During this time, young Larry excelled in both academics and athletics, playing football in high school and on the freshman team at the University of California at Berkeley (he was a quarterback) and rugby for Berkeley’s legendary Doc Hudson.
At Boalt School of Law, Sonsini met Richard Jennings. “I had decided I wanted to be a business lawyer,” Sonsini recalls. “And he asked me to be his research assistant. He’s the one who told me Palo Alto was going to be a growing area. He saw the venture capital industry starting.” So, instead of making the long trip East, Sonsini got into his Volkswagen Bug one rainy spring Saturday in 1966 and made the 45-minute trek south to Palo Alto.
There he met John Wilson, the senior partner in a four-person firm who shared Jennings’ belief that something big was brewing in the South Bay Area. “I went into his office, and there he was in a blue suit and a tie all dressed up on a Saturday,” Sonsini says. “I admired him right off the bat. He liked the balance in his life. We didn’t talk much about law school. The interview was about character.”
Along with his father, coaches and Richard Jennings, Sonsini counts John Wilson as one of the great influences on his life. “John gave me as much responsibility as he could,” Sonsini says. “He continually pushed me. And he was able to step aside and let me grow.”
As the small firm’s fifth lawyer and first nonpartner, Sonsini started out doing a little bit of everything, from divorces to wills to personal injury suits. But within three years, he had done his first initial public offering (IPO). It was for a company called Coherent Radiation, which, Sonsini notes, is now called Coherent and is still a client. In 1978, Wilson handed the CEO responsibilities to Sonsini, and, as the Santa Clara Valley morphed into Silicon Valley, the firm began to grow exponentially.
Sonsini has an atypical take on the impact of Silicon Valley’s high-tech revolution. Instead of touting milestone achievements such as the personal computer or Internet search engines, his focus is on values. He is, for example, particularly impressed by the high-tech industry’s emphasis on diversity, merit and risk taking. “It doesn’t matter where you are educated, how you are dressed or what your religion is. It’s all about your contribution,” he says. “It’s a culture that personifies freedom. Just take Google. They are achieving tremendous growth by using a business model that is unique — not by following someone else’s model. Dare to be great — that’s what this valley is all about.” And these same values, he believes, are taking root in emerging high-tech centers from Israel to India.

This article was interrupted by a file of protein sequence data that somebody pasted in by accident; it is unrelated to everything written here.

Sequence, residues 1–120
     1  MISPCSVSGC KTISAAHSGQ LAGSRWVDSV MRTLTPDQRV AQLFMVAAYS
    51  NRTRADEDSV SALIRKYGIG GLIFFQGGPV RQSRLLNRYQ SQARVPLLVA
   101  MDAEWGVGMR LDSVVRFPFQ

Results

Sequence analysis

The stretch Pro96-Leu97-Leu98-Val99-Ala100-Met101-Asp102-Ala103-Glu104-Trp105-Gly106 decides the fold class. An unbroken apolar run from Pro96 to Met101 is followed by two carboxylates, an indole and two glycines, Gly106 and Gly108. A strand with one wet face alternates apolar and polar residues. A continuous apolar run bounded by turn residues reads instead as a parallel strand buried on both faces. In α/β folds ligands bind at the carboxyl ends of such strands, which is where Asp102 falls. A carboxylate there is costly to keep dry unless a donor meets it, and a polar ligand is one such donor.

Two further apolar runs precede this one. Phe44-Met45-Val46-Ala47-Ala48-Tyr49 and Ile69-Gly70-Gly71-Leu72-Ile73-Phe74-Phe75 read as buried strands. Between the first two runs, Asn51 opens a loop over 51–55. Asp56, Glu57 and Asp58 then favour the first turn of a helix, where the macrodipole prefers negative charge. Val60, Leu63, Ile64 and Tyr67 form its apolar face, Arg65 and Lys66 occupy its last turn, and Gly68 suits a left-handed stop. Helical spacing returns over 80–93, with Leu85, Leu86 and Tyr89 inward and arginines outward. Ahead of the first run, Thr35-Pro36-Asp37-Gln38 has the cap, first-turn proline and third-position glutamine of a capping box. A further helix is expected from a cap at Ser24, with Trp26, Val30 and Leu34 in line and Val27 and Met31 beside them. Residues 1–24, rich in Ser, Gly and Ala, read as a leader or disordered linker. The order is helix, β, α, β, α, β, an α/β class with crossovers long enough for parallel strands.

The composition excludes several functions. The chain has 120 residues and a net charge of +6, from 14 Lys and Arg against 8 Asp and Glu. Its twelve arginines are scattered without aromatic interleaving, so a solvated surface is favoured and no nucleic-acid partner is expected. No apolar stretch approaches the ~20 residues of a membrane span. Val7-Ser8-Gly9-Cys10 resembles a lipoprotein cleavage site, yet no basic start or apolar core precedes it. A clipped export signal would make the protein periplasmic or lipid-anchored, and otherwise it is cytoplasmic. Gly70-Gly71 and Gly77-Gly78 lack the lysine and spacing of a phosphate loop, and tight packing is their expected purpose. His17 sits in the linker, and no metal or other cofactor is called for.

A Full Life Outside the Office
Sonsini has three children and five grandchildren and is, according to wife Barbara, “at his best at times like the holidays when he has his family around him.”
Son Matt, a partner at WSG&R, agrees. “The family is very important to my father,” he says. “Even during the early days when he was building the firm, he made time to coach our sports teams and attend every important event. As important as his practice is to him, he has always made it clear that the family comes first.”
Matt also sees similarities in the way Sonsini acts as a parent and as the leader of a law firm. “As a father, I think he managed my brother and me in the same way he manages the firm,” says Matt. “He was always there for us when we needed him, but he expected us to learn by our own mistakes. Rarely did he sit us down and tell us what we needed to do to be successful. He didn’t have to — he led by example.”